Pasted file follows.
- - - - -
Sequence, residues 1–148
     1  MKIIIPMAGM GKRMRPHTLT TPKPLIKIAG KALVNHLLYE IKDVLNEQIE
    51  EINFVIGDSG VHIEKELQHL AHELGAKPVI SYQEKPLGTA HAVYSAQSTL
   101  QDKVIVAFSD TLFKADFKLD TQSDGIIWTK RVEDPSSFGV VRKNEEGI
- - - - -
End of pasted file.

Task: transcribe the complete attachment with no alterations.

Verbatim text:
Sequence, residues 1–148
     1  MKIIIPMAGM GKRMRPHTLT TPKPLIKIAG KALVNHLLYE IKDVLNEQIE
    51  EINFVIGDSG VHIEKELQHL AHELGAKPVI SYQEKPLGTA HAVYSAQSTL
   101  QDKVIVAFSD TLFKADFKLD TQSDGIIWTK RVEDPSSFGV VRKNEEGI